In January 2012, the prestigious non-commercial art space Forum Kunst Rottweil, Germany, unveiled Counterparts, an exhibition featuring works by painters Hendrik Beikirch (DE) and Luciano Calderon (CH/BO), and the photographer Nils Müller (DE).
Through collaborative dialogue, the three created new works that provide a unique interpretation of graffiti artists and their reception by the public.
Graffiti artists shape the appearance of urban spaces yet often work without revealing their personal identities. Why do they break laws, invest much time and energy, and risk getting prosecuted? Counterparts is twisting the logic of identity by delivering a rare glimpse of some of the performers of this relatively young art form, fueling one’s fascination with the artists and their stories.
For Counterparts, Müller, well-known for documenting subway graffiti worldwide, took portrait shots of three prolific German artists. Normally, his photos show the figures with covered faces due to the clandestine nature of their work, but this time, Müller reveals the faces of this secretive subculture. Furthermore, the close-ups provide the viewer with an intense face-to-face encounter. Müller’s photos are accompanied by short biographies of each artist to give better insight.
Hendrik Beikirch recreates Müller’s images in his larger-than-life paintings. Yet, his contribution to Counterparts chooses to obscure the artist’s’ visages, reinforcing their common affiliation and highlighting striking individual differences.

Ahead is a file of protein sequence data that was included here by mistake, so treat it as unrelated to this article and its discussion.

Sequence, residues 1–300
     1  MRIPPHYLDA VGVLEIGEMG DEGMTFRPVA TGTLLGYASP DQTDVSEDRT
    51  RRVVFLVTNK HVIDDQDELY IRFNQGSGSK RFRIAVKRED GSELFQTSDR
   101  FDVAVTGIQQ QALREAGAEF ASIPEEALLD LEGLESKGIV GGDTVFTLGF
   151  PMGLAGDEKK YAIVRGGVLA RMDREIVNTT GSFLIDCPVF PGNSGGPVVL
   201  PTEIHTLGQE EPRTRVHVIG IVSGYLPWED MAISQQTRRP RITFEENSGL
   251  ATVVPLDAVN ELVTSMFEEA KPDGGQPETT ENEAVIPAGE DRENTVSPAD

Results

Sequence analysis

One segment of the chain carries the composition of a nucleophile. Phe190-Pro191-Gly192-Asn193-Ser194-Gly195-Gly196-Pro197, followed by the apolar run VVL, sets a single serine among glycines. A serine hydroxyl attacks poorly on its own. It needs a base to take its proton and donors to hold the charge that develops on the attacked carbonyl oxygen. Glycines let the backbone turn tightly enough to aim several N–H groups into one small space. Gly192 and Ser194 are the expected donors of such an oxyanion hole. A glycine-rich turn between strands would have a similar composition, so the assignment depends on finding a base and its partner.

Calderon’s version is more abstract. Meeting the needs of the expansive exhibition space, he created a large centerpiece: a 6-meter-high mask painting. The mask is covered with lettering using Calderon’s graffiti style. Further, it incorporates elements of South American typography inspired by the Pixação from Brazil and the tattoos of the notorious Mara Salvatrucha.
Counterparts harnesses three highly unique and contrasting styles: the monochrome painting of Beikirch, the black and white photography of Müller, and the outspoken lettering of Calderon, and gives the visitor a rare opportunity to see these artists in consonance.
The Forumkunst Rottweil, located between Stuttgart and Zürich, is a non-commercial art space founded in 1970 that has established a reputation for exhibiting world-renowned artists throughout its 40-year history.
The exhibition is curated by Robert Hak and Martin Schulze.